Q: Are these video diaries only from the first year?

Linklater: No, we did interviews throughout.

Q: Have they talked to you about when they want to release it?

Linklater: I don’t know yet but it will be cool.

Q: I think the last time you were here you were wearing a Criterion shirt.

Linklater: (laughs) Was I?

Q: Yes.

Linklater: The New Yorker just did a profile on me and I just happened to have that Criterion shirt on. I thought I would change the shirt but they liked it so I kept it on. So then I told Peter Becker, the head of Criterion, hey I got my Criterion shirt in the New Yorker. Give me that Jacques Demy boxset. He told me it’s on its way. (laughs)

Q: Have you been to the Criterion office to put together the Blu-Ray yet?

Linklater: Not yet.

Q: They have that segment on their website where they bring in directors and they take a handful of whatever Blu-Rays they want.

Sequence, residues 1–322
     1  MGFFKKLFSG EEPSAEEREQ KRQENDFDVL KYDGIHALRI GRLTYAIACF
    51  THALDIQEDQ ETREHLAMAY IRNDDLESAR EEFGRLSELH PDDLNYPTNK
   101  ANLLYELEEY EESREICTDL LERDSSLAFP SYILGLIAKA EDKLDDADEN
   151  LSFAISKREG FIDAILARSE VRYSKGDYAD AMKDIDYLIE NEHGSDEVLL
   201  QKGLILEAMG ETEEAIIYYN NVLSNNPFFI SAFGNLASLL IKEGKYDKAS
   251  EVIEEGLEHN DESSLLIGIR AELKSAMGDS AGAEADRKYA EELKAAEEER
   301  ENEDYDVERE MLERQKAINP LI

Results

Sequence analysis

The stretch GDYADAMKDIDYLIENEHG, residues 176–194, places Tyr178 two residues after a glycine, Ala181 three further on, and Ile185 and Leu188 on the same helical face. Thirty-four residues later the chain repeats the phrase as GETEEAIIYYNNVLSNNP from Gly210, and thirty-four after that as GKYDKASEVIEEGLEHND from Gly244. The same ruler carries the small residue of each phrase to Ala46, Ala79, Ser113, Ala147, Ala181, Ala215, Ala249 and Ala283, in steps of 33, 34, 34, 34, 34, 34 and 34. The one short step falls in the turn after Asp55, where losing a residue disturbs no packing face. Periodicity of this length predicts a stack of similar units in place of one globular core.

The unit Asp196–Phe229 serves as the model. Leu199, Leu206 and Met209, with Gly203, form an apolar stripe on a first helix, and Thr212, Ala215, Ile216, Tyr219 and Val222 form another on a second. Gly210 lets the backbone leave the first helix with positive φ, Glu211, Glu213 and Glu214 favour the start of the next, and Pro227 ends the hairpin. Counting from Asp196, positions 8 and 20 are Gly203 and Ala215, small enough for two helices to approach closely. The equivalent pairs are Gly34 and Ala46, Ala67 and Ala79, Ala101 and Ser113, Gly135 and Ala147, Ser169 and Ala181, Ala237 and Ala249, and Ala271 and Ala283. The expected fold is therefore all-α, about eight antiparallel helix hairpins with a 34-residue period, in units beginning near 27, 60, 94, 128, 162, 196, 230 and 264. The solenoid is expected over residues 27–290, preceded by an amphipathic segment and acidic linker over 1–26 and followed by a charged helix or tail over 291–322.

Linklater: I’ve been there plenty just not lately. Before they were putting it up on their website I was the guy who was always saying, I’ll take one of this. One of that. (laughs)

Q: Most of my Blu-Rays are Criterions.

Linklater: Bless Criterion, without them where would we be? And it’s magical the stuff they dig up. The Persona Blu-Ray had this making of a Bergman film. It was fascinating. It’s incredible to see what it’s like to hang out on the set of Persona. (laughs)

Q: Which of your films do you feel is the most underrated?

Linklater: The Newton Boys, hands down.

Q: You’re going from city to city answering a lot of questions. Is there one question you wish would go away?

Linklater: (laughs) Not really, they’re all very natural to the process. I guess when people ask me if I see myself continuing this film into manhood, it feels like an immediate sequel. The same thing happened with the Before movies, now every interview I do is going to beg that question. Patricia said the correct answer to that question is you don’t ask a mother who’s giving birth about her next kid. That’s where we find ourselves today, still in the birthing process. (laughs)

Boyhood is now playing in limited release.

Edited by Donya Abramo